Alan Simpson: Steptoe and Son writer dies at 87

Alan Simpson: Steptoe and Son writer dies at 87

Alan Simpson

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Alan Simpson and writing partner Ray Galton were behind hits including Steptoe and Son

Alan Simpson of writing duo Galton and Simpson has died at the age of 87, his manager has said.

The pair created sitcoms including Hancock’s Half Hour and Steptoe and Son.

Simpson had undergone a “long battle with lung disease”, manager Tessa Le Bars said.

Ray Galton’s family said there were “no words” to express their feelings at the death of “Ray’s partner and family friend over the last 70 years”.

‘A lifetime of work’

Simpson and Galton met at Milford Sanatorium in Guildford as teenagers, having both been diagnosed with tuberculosis, and started writing for the hospital’s radio station.

They went on to write television, film and stage scripts for stars including Peter Sellers, Leonard Rossiter and Frankie Howerd.

The pair were honoured with a Bafta fellowship last year and had been made OBEs in 2000.

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Simpson has been described as a ‘giant’ of comedy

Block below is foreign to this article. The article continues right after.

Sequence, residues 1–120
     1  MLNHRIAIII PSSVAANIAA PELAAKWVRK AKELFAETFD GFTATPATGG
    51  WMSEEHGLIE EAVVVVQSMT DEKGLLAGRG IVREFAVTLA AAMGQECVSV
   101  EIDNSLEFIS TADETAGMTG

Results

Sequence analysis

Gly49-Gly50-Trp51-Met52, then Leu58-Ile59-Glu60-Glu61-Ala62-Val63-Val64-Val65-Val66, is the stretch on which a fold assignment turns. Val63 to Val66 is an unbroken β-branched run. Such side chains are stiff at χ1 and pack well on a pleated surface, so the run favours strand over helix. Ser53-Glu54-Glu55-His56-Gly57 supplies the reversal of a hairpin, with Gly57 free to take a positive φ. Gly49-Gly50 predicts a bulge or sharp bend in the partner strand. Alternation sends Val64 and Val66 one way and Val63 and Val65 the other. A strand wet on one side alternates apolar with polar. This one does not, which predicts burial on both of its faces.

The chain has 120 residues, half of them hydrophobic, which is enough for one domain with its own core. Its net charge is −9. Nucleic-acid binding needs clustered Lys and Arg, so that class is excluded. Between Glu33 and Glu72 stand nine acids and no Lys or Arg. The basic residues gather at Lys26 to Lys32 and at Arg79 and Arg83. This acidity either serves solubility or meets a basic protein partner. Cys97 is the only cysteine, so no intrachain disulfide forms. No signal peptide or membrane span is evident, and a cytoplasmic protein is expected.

A statement from Ray Galton and his family said: “From their first attempts at humour in Milford sanatorium, through a lifetime of work together, the strength of Alan and Ray’s personal and professional bond was always at the heart of their success.”

Le Bars said: “Having had the privilege of working with Alan and Ray for over 50 years, the last 40 as agent, business manager and friend, and latterly as Alan’s companion and carer, I am deeply saddened to lose Alan after a brave battle with lung disease.”

Galton and Simpson are credited with bringing social realism to British comedy.

Hancock’s Half Hour started as a radio show in 1954, before transferring to television. It was aired on the BBC from 1956 to 1960.

Their biggest TV hit however was Steptoe and Son, about father-and-son rag and bone team Harold and Albert, and their lives in a squalid home.

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Harry H Corbett played Harold and Wilfrid Brambell played Albert Steptoe in Steptoe and Son

It ran for 12 years, from 1963 to 1974, reaching an audience of 28 million.

Both series were revived last year as part of the BBC’s Lost Sitcoms series.

Tributes have been paid to Simpson, with writer Neil Gaiman tweeting: “I was lucky enough to meet & interview him & Ray Galton in 1985.

“They changed radio comedy, then TV comedy.”

Broadcaster Danny Baker called Simpson “an absolute giant”. He tweeted: “No praise too high for what he & Ray created. Honoured to have shaken his hand.”


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Source: BBC – UK News

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